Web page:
The Books

Book #15

I served the King of England, Bohumil Hrabal

Recommended by Elita Poulter. Elita is my sister, and another bibliophile. Elita and her husband John (represented later in this list) live in a beautiful village north of Glasgow with little TV reception, and Elita has certainly kept her reading up more than I have in recent years. I’m always fascinated by hour her bookshelves are full of very different books to mine, despite our shared upbringing – it is interesting how paths diverge with differing influences.

Elita’s recommendation of this book was as “a charming interesting wee book, slightly unlike most things I have read” and I would entirely concur. I finished reading about a week ago and have put off writing this whilst I collected my thoughts on it! Our narrator, Ditie, starts as a waiter in a Prague hotel, obsessed with the status of the guests and fascinated by his recent discovery of the delights of the local brothel. We discover relatively soon that Ditie himself does not, in fact, serve the King of England – that honour was bestowed on his mentor, and thus Ditie views him as an oracle unable to do wrong. For Ditie however, there is the alternative honour of serving Haile Selassi, the Emperor of Ethiopia. He is bestowed with a blue sash and medal, which come to define him, and ultimately feature in his final scene once he has become a caricature of his former self. We follow Ditie through his career at various hotels, with bizarre and comical situations aplenty, for the first half of the book, until the cataclysmic events of the mid-twentieth century overtake him. He falls in love with a German gym instructor from the newly annexed Sudetenland, and becomes a willing collaborator with the Nazi occupiers, enduring physical examinations to clear him for sexual union with his wife despite his blond hair and blue eyes. Their child has learning difficulties, and spends his days hammering nails into the floor, in an eerie precursor of the Allied bombs that will destroy their house. After serving in a Nazi hostel for recuperating soldiers, Ditie makes a fortune selling stamps that his wife stole from an occupied house in the war, and buys a hotel of his own back in (the then) Czechoslovakia. After the Russian occupation and the coming of communism he is arrested and imprisoned for being a millionaire, and after the prison is disbanded he eventually finds himself mending roads in the mountains of Sudetenland, and keeping house with a selection of animals, for whom he dons his blue sash to serve Christmas dinner.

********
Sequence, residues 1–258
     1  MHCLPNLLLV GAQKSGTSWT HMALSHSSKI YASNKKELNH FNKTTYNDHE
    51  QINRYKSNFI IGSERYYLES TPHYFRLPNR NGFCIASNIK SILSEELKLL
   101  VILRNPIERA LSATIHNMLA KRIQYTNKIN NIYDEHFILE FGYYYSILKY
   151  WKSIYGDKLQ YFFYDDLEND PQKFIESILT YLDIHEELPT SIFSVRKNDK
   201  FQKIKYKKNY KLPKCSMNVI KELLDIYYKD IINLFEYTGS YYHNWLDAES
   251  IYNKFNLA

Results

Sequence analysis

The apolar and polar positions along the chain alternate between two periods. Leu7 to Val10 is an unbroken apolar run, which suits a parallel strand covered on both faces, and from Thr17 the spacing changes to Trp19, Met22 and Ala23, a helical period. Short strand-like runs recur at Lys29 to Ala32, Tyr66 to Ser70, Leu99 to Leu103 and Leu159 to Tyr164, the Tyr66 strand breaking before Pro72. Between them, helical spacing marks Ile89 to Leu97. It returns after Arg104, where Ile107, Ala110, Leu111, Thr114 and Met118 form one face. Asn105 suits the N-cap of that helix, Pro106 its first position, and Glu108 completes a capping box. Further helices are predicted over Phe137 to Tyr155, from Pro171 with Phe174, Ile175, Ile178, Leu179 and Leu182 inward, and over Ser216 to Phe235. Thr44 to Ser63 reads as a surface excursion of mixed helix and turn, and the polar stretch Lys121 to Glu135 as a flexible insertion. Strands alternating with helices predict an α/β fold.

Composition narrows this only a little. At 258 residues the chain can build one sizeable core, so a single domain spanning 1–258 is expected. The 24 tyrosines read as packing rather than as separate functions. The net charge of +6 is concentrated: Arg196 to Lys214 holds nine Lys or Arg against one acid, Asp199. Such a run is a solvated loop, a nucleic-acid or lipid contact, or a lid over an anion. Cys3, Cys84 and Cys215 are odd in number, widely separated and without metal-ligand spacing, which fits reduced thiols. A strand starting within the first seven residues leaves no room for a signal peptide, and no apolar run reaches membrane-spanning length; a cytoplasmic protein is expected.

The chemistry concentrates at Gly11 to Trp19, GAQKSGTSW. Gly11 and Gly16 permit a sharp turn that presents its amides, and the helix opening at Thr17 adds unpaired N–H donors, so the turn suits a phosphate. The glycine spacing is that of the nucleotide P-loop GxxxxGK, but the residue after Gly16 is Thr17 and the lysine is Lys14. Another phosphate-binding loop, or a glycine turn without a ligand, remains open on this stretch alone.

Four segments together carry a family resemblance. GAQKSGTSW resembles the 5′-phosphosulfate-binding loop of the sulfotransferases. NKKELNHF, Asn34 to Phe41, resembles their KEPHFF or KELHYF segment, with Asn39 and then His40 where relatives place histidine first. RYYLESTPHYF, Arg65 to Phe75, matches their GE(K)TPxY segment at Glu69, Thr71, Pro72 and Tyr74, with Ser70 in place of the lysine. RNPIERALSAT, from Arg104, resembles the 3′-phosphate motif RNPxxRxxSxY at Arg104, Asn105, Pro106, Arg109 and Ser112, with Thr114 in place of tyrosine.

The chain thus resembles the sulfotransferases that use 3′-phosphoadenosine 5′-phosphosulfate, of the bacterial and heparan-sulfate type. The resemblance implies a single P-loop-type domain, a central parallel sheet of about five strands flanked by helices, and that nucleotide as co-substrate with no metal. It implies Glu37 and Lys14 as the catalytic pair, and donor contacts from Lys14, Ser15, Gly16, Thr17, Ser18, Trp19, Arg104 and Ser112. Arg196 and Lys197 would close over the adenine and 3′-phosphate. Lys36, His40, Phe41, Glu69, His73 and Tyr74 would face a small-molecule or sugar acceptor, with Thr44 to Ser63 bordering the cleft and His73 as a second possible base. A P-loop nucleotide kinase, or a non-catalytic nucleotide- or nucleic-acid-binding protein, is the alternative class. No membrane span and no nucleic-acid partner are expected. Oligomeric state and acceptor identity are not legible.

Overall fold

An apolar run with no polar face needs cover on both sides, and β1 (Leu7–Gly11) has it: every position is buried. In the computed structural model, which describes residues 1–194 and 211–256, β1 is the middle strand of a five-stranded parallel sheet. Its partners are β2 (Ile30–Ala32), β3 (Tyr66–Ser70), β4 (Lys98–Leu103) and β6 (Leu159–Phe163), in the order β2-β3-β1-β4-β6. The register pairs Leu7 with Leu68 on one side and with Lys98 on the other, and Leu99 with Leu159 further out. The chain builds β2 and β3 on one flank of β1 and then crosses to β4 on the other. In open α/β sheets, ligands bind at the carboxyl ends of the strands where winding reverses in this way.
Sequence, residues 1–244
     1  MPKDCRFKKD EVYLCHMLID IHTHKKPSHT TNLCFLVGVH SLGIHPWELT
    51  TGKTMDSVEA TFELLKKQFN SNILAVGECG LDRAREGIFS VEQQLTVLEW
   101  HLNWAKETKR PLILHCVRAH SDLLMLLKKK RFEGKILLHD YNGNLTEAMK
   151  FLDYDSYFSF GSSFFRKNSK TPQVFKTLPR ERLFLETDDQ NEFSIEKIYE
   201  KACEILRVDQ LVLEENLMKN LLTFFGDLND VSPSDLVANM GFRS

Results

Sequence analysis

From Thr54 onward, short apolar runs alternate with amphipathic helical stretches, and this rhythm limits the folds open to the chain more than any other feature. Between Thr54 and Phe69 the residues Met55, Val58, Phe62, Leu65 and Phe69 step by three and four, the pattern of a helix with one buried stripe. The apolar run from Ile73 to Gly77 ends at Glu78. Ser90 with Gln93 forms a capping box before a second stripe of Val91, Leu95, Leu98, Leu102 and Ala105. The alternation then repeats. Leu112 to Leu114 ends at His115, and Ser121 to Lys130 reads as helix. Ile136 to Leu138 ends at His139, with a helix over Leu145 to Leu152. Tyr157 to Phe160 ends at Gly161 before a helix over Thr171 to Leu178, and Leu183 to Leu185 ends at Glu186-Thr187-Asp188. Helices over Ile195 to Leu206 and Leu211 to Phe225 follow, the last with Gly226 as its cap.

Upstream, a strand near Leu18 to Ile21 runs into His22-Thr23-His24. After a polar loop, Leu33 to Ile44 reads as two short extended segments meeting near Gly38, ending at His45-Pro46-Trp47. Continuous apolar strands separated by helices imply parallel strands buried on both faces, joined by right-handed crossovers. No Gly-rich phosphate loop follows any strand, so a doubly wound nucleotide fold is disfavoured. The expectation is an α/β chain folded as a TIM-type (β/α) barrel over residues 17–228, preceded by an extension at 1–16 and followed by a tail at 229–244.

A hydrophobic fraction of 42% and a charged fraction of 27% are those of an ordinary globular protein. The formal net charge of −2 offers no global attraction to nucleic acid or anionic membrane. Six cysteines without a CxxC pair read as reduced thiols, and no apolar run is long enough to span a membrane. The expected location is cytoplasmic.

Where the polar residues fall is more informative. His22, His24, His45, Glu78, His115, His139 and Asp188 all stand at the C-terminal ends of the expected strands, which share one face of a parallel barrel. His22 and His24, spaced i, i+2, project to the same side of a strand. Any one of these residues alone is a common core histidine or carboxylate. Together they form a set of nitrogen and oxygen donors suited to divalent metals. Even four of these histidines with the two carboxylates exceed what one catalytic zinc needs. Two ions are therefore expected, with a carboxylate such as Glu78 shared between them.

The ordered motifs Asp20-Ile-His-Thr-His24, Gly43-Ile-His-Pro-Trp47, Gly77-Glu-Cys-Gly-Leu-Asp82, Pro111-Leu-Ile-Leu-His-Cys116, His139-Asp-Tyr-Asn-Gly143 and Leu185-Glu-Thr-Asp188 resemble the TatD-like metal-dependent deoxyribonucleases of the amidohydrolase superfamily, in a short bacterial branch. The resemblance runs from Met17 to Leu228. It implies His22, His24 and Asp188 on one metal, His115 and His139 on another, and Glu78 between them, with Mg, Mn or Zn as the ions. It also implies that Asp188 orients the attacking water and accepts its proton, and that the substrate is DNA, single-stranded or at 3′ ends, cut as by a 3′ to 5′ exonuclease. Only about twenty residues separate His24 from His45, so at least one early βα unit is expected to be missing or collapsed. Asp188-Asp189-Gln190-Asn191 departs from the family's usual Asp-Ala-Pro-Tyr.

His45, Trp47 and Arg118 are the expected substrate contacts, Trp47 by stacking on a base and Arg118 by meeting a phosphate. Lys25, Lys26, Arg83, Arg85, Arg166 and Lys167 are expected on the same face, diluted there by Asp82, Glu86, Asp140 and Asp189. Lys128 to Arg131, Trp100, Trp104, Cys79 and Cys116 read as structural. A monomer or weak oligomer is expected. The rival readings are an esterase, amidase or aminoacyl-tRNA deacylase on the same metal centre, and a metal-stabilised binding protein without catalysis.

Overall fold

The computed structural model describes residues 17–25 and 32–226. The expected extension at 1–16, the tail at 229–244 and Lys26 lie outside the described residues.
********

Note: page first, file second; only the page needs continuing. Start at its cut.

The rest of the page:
I have deliberately left the paragraph above as one, as it mirrors Hrabal’s writing style – a riffle through the pages reveals page after page of very long paragraphs, densely packed, and at times it makes the reading very challenging – our narrator almost veers into stream of consciousness effect, and there were certainly pages I had to read again, or simply force myself to slow down. I’m not complaining, merely observing – I’m very aware that I read too fast at times, so it is good to be made to put the brakes on!

There are definite parallels between our narrator Ditie and Stevens in Remains of the Day (Book #1). Like Stevens with his employer, Ditie holds his customers in the highest regard (at least as far as the ones with impressive status or wealth are concerned). Our narrator is naive but sincere, consumed by the desire to tell an interesting story.

I chose to read this book at this stage due to the parallel themes of European conflict that also featured in Books 13 & 14, and the way different authors choose to address this subject never ceases to interest me. Somewhat like Bernofsky’s book, Hrabal allows his characters to be affected by the horrors of Europe’s darkest days, without those events becoming the dominant theme as it does in Zusak’s. Ditie’s acceptance of the embarrassment meted out by the Nazi doctors is subsumed by his love for his wife, and whilst he clearly collaborates with the invaders, he does so in a childish way, without thought for the future consequences or indeed the ideology.

Hrabal wrote this book in a single draft, and described his own writing style as “palavering” – a way of narrating a story, of inventing a narrator, in a process of continual renewal: which seemed to be constantly deferring its meaning. His palavering and gentle comedy lead us through the story, never quite reaching any conclusion that we may have been expecting, but nonetheless forcing us to reflect on the nature of relationships. The frequent refrain from Ditie is “how the unbelievable came true” – we are drawn along his bizarre, meandering path, with huge sympathy for our hapless narrator.

Ultimately, I agree with my sister (a wise choice!) – quite unlike anything I’ve read as well, but very enjoyable!

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